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Thursday, 28 March 1957

Mr ADERMANN (Fisher) .- Not very much need be said in addition to what the Postmaster-General (Mr. Davidson) has put to the House, but I do want to support the bill and the action of this Government over the years in giving a necessary guarantee to an industry that is so worthy of assistance. Looking back over my years of advocacy on behalf of the industry I recall that, when I was on the Opposition side, my colleagues and I fought for a guarantee of 9d. per lb. At that time imported raw cotton was costing 30d. per lb. The then Government, in which the present honorable member for Lalor (Mr. Pollard) was Minister for Commerce and Agriculture, accepted the Tariff Board's recommendation and offered no guarantee so far as costs were concerned. It is true, as the honorable member for Lalor has said, that the then Government followed the board's recommendation. I have a great admiration for the board's work but I cannot, even now, concede that the board was right on that occasion. It recommended that the £68,000 owing by the industry on plant and machinery should be waived but that nothing more should be done.

When we went over to the treasury bench the industry was, to all intents and purposes, dead. Only a few hundred bales were produced in that year, and, within the first twelve months of coming to office, we honoured our election promise to give a guarantee of 9d. per lb. I could never understand why the Tariff Board had not the vision to recognize the worth of the cotton industry.

The Postmaster-General's reference to an ample market is borne out by the import figures. I looked them up again to-night and found that raw cotton imports for the seven months to the end of January, 1957, indicate an annual cost of about £7,000,000. Cotton yarn imports are costing £2,600,000 a year and piece goods, cotton and linen, about £30,000,000 a year. Surely no one would object to a subsidy that would give a guarantee somewhere near the cost of production. It would widen the scope of this industry and, in turn, boost the manufacture of piece goods and textiles in Australia.

I cannot understand the suggestion of the honorable member for Lalor (Mr. Pollard) that this is socialist legislation. It is merely a matter of paying a subsidy, as is done in the dairying industry. Honorable members should not forget that the consumers too, benefit because they are able to buy their goods more cheaply. If the Labour government had given the subsidy down through the years Australia would have been saved millions of dollars. Cotton could have been grown at 9d. per lb. and we would not have had to pay 30d. per lb. for the imported product. I could never see any wisdom in the action of the Labour government, or in the recommendation of the Tariff Board.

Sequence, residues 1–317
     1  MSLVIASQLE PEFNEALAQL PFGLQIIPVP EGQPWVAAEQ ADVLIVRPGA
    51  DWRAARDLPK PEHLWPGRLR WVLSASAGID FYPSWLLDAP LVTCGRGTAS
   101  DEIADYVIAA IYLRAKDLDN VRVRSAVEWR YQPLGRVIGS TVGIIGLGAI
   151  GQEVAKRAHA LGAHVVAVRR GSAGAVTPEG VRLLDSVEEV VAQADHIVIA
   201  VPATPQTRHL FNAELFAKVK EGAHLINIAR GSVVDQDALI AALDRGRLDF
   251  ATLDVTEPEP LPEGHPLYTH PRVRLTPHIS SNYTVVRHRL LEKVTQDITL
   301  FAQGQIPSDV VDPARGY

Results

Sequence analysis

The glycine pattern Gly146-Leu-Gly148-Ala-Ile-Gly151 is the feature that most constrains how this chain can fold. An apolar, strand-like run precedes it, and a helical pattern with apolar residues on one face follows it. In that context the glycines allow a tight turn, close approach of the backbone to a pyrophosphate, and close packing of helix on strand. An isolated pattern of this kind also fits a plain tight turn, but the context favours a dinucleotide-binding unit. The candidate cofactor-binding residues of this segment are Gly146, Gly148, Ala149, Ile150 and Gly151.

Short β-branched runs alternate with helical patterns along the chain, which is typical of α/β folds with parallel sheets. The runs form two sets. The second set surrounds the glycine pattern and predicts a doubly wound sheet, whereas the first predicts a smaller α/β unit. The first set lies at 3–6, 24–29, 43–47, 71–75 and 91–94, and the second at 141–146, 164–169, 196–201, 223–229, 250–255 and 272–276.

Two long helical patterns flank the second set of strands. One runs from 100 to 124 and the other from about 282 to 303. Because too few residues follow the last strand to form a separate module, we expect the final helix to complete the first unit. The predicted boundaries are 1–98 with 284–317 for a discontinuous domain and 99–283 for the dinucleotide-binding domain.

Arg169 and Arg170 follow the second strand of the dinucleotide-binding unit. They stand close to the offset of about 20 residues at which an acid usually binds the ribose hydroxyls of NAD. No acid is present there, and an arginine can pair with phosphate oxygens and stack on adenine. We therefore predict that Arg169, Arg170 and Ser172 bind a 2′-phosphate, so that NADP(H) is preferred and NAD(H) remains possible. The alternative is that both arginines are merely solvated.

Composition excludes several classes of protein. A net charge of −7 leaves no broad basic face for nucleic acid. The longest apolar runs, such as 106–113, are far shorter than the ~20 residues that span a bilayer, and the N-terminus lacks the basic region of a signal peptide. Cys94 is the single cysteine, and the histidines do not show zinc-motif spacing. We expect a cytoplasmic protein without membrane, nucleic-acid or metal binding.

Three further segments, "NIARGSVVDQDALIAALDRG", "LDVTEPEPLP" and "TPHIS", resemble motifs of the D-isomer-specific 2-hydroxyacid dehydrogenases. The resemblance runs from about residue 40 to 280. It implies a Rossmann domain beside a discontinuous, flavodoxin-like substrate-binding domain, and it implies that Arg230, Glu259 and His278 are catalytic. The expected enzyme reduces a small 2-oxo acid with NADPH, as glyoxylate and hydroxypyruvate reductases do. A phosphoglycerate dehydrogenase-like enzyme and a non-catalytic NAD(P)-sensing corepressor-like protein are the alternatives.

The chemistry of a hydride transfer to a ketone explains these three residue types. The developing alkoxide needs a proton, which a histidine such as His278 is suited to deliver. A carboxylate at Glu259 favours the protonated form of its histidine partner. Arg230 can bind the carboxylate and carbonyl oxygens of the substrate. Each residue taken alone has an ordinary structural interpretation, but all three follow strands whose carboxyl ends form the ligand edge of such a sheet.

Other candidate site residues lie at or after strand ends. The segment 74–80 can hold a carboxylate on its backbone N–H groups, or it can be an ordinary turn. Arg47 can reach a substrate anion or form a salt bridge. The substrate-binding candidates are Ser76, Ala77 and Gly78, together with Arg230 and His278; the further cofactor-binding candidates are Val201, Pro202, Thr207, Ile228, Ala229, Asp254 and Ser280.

Mr Duthie - What is the cotton like in quality?

Mr ADERMANN - It is first class. The guarantee has brought confidence to the industry and encouraged farmers to import the mechanized equipment that is needed if costs are to be kept down. Most of our cotton picking is now done mechanically. As is the case in some other primary industries, it is necessary to harvest within a few weeks of maturity, or the whole crop will be lost. Even more important, it must be harvested when the weather is favorable. Heavy rain can destroy a crop. The Government's action in continuing the guarantee of 14d. per lb., even at a cost to this country of some thousands of pounds a year, will mean an ultimate monetary saving and greater employment because it will create confidence and encourage an extension of manufacturing. I support the Postmaster-General in his suggestion that the Minister should look forward and give sympathetic consideration to the industry's desire for a guarantee period of a further five years after 1958. An early announcement on that matter would encourage the industry to import the machinery that it needs if it is to be up to date. The industry has had a couple of bad seasons and it is to be hoped that the tide will now turn and we shall have good crops so that the industry may prove its worth. I press for an early announcement by the Government that the guarantee for this very worthwhile industry will be continued.

Debate (on motion by Mr. Pearce) adjourned.

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